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Tiffany S. McNair, MD, MPH ’13

Bloomberg Alumna Brings a Public Health Perspective to Washington


While her training as an ob-gyn established a solid foundation in caring for women at the individual level, McNair remarked that preventive medicine “helped crystallize my thinking and gave me the framework to address family, community, and society-level factors in a more systematic way.” During her time as a preventive medicine resident, she served as a consultant, project leader, and researcher at a variety of public health agencies, including the Baltimore City Health Department, Johns Hopkins HealthCare, the Maryland Department of Health and Mental Hygiene, and the U.S. Food and Drug Administration. In her diversity of roles, McNair applied a multidisciplinary skillset to solve complex public health problems, while continuing her advocacy on behalf of vulnerable women and communities.  

McNair is currently gaining frontline federal policy experience as a White House Fellow in the Office of the Vice President, where she works on issues related to violence against women. In this capacity, she has helped lead such efforts as the White House Task Force to Protect Students from Sexual Assault; a Federal Interagency Workgroup on the Intersection of HIV/AIDS, Violence Against Women and Girls and Gender-Related Health Disparities; and initiatives to address the national rape kit backlog. On the 20th anniversary of the Violence Against Women Act (VAWA), McNair authored a White House blog post about the positive impact VAWA has had on the patients and communities she serves. In another blog post, she highlighted federal contributions to the fight against the intersecting epidemics of HIV/AIDS and intimate partner violence among women and girls.  Most recently, during April’s Sexual Assault Awareness and Prevention Month, she blogged about the It’s On Us movement to not only increase awareness but also incite action to end sexual violence on college and university campuses.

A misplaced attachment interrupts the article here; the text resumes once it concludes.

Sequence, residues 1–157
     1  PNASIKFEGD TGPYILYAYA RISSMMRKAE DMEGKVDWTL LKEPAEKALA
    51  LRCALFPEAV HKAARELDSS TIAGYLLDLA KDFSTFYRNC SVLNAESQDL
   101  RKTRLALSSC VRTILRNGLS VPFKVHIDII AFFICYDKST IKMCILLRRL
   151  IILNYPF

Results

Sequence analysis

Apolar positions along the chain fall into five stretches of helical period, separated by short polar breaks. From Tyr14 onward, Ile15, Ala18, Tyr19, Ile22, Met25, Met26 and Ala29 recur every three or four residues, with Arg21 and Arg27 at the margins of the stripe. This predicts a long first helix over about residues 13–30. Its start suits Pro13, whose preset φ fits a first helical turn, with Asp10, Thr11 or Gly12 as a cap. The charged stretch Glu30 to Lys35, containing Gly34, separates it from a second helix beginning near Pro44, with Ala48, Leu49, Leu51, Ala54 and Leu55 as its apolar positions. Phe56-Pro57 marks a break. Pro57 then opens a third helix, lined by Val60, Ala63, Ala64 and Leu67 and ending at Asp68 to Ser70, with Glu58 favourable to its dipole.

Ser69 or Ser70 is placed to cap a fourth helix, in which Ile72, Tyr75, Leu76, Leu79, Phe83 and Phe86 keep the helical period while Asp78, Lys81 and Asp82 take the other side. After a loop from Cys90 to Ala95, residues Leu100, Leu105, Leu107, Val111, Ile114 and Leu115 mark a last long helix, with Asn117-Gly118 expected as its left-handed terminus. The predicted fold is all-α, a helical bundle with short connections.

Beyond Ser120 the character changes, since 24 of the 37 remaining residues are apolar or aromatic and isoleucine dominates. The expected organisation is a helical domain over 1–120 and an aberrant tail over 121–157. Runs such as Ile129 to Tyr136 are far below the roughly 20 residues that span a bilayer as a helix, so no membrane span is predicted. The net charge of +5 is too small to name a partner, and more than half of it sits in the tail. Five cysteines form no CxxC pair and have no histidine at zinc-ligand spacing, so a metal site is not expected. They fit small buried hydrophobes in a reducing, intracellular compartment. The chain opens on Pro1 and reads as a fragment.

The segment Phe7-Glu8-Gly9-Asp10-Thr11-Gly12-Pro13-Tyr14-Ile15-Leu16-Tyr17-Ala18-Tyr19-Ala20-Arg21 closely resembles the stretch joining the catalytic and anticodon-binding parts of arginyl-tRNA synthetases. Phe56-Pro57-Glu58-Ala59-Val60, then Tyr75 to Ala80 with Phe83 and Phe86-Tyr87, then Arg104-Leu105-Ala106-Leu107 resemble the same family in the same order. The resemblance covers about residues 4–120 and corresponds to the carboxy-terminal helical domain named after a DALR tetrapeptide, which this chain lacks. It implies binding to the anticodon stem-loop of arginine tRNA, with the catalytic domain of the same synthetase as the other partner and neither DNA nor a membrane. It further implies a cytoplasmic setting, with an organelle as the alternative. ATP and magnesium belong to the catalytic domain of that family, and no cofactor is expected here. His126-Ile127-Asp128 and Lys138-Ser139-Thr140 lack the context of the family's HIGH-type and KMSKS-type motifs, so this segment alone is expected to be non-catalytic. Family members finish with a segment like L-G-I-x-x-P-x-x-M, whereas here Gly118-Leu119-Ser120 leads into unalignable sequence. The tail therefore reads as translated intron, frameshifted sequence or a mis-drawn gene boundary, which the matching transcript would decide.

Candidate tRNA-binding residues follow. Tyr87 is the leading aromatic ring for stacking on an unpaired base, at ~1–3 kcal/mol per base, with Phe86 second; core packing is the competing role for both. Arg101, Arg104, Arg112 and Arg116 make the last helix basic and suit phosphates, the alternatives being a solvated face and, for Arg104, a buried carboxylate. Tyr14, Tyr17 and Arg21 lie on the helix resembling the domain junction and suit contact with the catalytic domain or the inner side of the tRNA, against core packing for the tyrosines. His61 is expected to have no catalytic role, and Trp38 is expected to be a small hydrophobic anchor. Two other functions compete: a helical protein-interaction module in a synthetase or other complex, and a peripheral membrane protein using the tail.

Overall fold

The White House Fellows are selected for their promise as American leaders with a strong commitment to public service.  As McNair reminds herself, “To whom much is given, much is required. I am grateful for opportunities and platforms such as this to serve those most in need. Today, I am able to bring to bear my diverse professional experiences, identities, and skillsets in order to care for national and global communities of women and girls. I look forward to the next steps that will allow me to continue this important and required work.”